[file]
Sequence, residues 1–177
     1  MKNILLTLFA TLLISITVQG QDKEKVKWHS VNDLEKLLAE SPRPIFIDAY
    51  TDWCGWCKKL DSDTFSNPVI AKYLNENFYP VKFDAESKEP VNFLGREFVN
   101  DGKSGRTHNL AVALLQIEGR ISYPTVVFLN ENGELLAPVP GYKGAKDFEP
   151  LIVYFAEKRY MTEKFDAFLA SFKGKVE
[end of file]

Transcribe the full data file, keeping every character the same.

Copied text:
Sequence, residues 1–177
     1  MKNILLTLFA TLLISITVQG QDKEKVKWHS VNDLEKLLAE SPRPIFIDAY
    51  TDWCGWCKKL DSDTFSNPVI AKYLNENFYP VKFDAESKEP VNFLGREFVN
   101  DGKSGRTHNL AVALLQIEGR ISYPTVVFLN ENGELLAPVP GYKGAKDFEP
   151  LIVYFAEKRY MTEKFDAFLA SFKGKVE